I'm using rabbitMQ, I take every message from queue with basic_get without automatically acking procedure, which means the message remain in queue until I ack or nack the message.

Sometimes I've messages that can't be processed because of some exception thrown, which prevented them from being fully processed.

Question is what does it matter if I both ack the messages in success and exception thrown, I mean in terms of result messages will always get out of the queue, so what does it matter if I use ack or nack in this scenario? Maybe I miss something about when using each opration?

  • Is the only difference is that nack allow requeue, while ack doesn't? – JavaSa Mar 1 '15 at 13:36

The basic.nack command is apparently a RabbitMQ extension, which extends the functionality of basic.reject to include a bulk processing mode. Both include a "bit" (i.e. boolean) flag of requeue, so you actually have several choices:

  • nack/reject with requeue=1: the message will be returned to the queue it came from as though it were a new message; this might be useful in case of a temporary failure on the consumer side
  • nack/reject with requeue=0 and a configured Dead Letter Exchange (DLX), will publish the message to that exchange, allowing it to be picked up by another queue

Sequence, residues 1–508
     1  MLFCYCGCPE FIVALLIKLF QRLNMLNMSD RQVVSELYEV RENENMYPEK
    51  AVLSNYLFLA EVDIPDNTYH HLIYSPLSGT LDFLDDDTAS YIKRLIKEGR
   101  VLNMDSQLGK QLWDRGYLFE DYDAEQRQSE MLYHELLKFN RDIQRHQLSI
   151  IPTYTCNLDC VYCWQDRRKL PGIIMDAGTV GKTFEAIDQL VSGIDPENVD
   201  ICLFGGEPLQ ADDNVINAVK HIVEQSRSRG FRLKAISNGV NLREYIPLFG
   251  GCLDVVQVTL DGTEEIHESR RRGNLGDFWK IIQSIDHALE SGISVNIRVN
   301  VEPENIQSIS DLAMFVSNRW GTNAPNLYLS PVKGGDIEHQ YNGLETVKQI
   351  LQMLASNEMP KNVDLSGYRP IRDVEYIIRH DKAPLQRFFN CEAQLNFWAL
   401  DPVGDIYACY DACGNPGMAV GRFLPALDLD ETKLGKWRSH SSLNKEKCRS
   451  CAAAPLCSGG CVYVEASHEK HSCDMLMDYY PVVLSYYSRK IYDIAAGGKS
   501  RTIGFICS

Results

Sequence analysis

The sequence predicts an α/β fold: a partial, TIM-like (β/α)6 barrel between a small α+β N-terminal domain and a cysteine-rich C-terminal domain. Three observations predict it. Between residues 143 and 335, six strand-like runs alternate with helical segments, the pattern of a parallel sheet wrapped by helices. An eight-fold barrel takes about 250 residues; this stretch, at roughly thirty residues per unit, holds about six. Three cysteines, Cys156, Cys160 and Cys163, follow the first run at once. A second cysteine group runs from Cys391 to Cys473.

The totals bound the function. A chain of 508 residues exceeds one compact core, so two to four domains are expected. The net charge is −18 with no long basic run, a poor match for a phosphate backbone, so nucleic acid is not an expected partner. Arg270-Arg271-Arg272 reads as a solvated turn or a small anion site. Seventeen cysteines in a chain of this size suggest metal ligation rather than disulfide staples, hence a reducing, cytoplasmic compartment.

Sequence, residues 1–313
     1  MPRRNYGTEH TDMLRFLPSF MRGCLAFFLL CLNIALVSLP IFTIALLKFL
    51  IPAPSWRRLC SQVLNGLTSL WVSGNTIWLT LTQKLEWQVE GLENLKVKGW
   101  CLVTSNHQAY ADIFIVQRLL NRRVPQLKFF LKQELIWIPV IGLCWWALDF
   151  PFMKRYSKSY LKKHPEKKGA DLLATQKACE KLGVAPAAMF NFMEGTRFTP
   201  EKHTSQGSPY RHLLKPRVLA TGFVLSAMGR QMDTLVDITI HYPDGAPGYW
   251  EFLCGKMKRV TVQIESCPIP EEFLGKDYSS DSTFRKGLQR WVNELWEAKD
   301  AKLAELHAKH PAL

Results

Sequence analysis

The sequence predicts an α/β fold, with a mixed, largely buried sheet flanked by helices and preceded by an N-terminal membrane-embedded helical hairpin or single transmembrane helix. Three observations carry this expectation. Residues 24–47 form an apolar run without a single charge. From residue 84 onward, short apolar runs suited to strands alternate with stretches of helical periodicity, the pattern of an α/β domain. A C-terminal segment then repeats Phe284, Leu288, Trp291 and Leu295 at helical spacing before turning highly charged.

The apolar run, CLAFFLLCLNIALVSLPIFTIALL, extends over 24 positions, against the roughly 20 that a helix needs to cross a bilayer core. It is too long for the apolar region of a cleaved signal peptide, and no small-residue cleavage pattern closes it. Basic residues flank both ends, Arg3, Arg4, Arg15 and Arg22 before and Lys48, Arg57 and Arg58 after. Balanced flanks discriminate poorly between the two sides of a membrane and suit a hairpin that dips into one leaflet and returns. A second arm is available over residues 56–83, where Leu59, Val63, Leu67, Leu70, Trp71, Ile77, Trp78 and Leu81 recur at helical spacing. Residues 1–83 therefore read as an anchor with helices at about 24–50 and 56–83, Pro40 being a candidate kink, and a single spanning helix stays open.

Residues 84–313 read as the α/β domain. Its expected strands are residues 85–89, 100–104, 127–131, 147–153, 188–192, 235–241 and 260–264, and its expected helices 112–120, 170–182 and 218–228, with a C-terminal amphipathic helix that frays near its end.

• nack/reject with requeue=0 and no DLX will simply discard the message
  • ack will remove the message from the queue even if a DLX is configured

If you have no DLX configured, always using ack will be the same as nack/reject with requeue=0; however, using the logically correct function from the start will give you more flexibility to configure things differently later.

  • Spectacular answer! However can you clarify a bit if the DLX is already considered as a queue.,and what the difference between queue and exchange? – JavaSa Mar 3 '15 at 9:25
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    @JavaSa One common analogy (which may or may not make sense to you) is that an exchange is like a Post Office, and a queue is like a PO Box. You only ever publish a new message to an exchange (even if it's the default exchange); the exchange will then route it to zero, one, or multiple queues, generally based on its "routing key". So the simplest DLX would be one which routed everything into a single queue, but it could be as complex as you needed. – IMSoP Mar 3 '15 at 10:08

Ack and Nack both remove the message from the queue, the difference is that when you Nack a message it goes into the DLX (dead letter queue) if there is one defined for that queue.

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